# Insertion of n consecutive keys in an initially empty B-Tree

Consider this question ( 18.2-4 of CLRS) which states that:

Suppose that we insert the keys ${1,2,...,n}$ into an empty B-Tree with minimum degree 2. How many nodes does the final B-tree have?

My approach:
We add each element one by one. We'll need 3 elements at first (namely 1,2 and 3), after which the $4th$ element will cause a split. This split is a root node split.
A normal node split results in one extra node.
A root node split results in 2 extra nodes.
Thus after the 4th element we have 3 nodes in total. Now, as we keep on adding more elements to the B-tree, we can see a pattern in splitting. 3 lower level splits initially produce a higher level split, and then each higher level split will require 2 splits only. Since we've to approximate only, we can disregard the initial 3 split condition and go on with the 2 lower level splits to produce an upper level split.
Notice that there is atleast a split at the insertion of these elements: $4,6,8,10,12......$
That are all even numbers leaving 2.
Thus total such splits are $n/2$
Total higher level splits are thus:$n/4$
Total splits for the higher level than the previous one: $n/8$
Thus the total splits until the $nth$ element is inserted in the B-Tree is:
$n/2+n/4+n/8+......$
Which results in $n$. This is more than expected. I've made two approximations here:
1) Number of higher level splits is equal to half of the immediate lower level splits.This increases our answer.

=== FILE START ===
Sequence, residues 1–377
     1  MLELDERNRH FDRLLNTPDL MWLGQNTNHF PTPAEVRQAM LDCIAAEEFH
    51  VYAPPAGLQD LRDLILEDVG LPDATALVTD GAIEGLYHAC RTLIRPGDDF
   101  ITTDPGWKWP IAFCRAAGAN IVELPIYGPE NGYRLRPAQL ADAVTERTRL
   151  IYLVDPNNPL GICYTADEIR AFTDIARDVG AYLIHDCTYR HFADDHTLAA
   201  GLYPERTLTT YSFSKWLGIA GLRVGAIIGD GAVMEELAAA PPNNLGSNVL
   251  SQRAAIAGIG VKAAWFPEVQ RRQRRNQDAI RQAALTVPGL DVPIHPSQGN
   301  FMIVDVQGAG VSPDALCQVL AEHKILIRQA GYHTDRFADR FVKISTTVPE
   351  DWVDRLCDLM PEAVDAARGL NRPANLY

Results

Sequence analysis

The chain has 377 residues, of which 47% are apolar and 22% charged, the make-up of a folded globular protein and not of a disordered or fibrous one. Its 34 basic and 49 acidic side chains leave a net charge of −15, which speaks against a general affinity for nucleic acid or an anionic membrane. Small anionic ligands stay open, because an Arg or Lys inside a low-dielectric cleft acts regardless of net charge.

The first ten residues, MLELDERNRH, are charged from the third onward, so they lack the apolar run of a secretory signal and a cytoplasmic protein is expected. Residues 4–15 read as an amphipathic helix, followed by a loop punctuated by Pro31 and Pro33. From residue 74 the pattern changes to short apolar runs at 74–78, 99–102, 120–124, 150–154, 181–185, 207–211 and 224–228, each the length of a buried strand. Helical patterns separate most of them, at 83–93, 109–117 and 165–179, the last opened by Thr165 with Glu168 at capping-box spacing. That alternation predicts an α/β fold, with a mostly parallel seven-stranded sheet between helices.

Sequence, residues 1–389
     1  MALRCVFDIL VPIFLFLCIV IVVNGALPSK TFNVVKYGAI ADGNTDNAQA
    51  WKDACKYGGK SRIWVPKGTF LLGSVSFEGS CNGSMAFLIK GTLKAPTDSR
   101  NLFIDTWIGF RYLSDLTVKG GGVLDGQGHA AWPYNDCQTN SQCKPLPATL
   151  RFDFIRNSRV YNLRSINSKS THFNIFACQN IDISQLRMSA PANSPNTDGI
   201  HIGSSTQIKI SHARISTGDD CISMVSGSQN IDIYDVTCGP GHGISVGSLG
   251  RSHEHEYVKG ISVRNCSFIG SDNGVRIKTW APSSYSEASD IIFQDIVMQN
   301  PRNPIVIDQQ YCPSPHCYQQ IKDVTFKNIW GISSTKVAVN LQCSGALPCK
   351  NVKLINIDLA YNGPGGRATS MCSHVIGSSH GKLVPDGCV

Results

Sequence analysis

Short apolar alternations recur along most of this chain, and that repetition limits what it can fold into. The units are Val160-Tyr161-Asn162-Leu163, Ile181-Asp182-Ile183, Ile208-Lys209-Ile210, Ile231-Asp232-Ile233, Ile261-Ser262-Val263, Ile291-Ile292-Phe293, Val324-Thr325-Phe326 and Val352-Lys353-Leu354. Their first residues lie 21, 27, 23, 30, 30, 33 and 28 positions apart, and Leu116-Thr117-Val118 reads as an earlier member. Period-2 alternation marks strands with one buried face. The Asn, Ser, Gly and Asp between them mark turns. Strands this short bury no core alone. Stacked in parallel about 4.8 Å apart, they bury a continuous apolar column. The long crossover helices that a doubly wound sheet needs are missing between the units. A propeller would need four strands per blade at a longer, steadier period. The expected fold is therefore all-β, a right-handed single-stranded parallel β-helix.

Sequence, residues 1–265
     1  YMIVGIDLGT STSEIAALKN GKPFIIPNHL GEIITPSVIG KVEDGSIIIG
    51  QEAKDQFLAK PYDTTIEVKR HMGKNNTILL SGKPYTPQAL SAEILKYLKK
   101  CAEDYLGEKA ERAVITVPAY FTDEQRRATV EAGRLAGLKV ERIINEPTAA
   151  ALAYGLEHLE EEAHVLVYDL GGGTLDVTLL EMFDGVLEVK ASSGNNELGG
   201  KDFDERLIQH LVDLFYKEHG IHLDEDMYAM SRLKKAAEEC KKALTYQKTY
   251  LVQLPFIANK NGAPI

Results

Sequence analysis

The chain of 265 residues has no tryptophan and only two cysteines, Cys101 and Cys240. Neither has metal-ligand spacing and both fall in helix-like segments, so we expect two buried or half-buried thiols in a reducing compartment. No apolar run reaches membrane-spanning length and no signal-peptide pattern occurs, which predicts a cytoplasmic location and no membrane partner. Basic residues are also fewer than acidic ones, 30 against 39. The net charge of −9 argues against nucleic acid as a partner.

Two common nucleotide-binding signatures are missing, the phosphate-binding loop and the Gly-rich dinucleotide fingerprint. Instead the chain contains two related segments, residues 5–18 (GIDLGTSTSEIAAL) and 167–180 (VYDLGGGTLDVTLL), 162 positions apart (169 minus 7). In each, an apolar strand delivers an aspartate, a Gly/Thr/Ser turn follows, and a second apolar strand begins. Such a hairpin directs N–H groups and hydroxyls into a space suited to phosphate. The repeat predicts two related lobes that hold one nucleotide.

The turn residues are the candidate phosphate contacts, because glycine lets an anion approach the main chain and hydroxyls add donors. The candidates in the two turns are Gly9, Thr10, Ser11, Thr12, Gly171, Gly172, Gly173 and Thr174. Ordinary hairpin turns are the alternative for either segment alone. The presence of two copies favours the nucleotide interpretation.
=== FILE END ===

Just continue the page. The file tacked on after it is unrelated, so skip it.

2) Some starting elements don't contribute to the splits.
Maybe these are the reasons why the answer is coming more. I can't enumerate these values exactly. Finding these values exactly would help me very much. Any help appreciated.
Moon

## 1 Answer

We know that every node except the root must have at least t−1=1 keys, and at most 2t−1=3 keys. The final tree can have at most n−1 nodes when n≥2. Unless n=1 there cannot ever be n nodes since we only ever insert a key into a non-empty node, so there will always be at least one node with 2 keys. Next observe that we will never have more than one key in a node which is not a right spine of our B-tree. This is because every key we insert is larger than all keys stored in the tree, so it will be inserted into the right spine of the tree. The fewest possible number of nodes occurs when every node except the deepest node in the right spine has 2 keys and the deepest node in the right spline has 3 keys. So at height 1, 1 nodes, at height 2, 3 nodes, …, at level h, 2h−1 nodes. In this case, n =2^(h+1)−1 where h is the height of the B-tree, and the number of nodes in B-Tree is #nodes = 2^(h+1)−2−h = n−lg(n+1). So for any n, the final B-Tree must have n−⌊lg(n+1)⌋≤#nodes≤n−1 (if n≥2).